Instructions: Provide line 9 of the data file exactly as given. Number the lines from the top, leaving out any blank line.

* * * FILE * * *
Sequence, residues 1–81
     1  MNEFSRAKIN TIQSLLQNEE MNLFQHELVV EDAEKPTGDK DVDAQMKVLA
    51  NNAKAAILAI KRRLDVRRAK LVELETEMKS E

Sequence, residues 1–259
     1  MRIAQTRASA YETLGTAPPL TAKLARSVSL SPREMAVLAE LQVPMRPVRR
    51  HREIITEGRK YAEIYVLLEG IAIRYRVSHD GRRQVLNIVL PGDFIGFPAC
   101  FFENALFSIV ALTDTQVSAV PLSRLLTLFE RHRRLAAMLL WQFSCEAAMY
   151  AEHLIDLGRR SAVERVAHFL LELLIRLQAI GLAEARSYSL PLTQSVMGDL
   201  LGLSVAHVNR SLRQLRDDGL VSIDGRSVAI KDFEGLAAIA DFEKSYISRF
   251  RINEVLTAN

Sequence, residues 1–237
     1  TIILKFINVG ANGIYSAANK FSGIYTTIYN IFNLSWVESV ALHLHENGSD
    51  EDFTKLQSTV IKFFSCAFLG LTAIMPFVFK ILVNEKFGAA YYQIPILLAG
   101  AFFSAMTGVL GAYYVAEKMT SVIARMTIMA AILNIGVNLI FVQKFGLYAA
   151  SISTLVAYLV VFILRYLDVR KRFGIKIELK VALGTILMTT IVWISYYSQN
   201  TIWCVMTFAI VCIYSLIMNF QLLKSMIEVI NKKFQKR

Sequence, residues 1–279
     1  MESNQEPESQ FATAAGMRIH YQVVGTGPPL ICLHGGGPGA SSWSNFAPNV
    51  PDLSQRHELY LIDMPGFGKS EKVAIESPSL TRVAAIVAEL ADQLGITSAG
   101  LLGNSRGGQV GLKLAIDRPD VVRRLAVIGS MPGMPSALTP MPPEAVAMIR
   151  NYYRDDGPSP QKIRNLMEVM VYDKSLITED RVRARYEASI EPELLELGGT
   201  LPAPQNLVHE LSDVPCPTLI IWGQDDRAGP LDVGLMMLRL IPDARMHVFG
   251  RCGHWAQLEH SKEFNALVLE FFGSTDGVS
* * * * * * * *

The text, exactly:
   201  LGLSVAHVNR SLRQLRDDGL VSIDGRSVAI KDFEGLAAIA DFEKSYISRF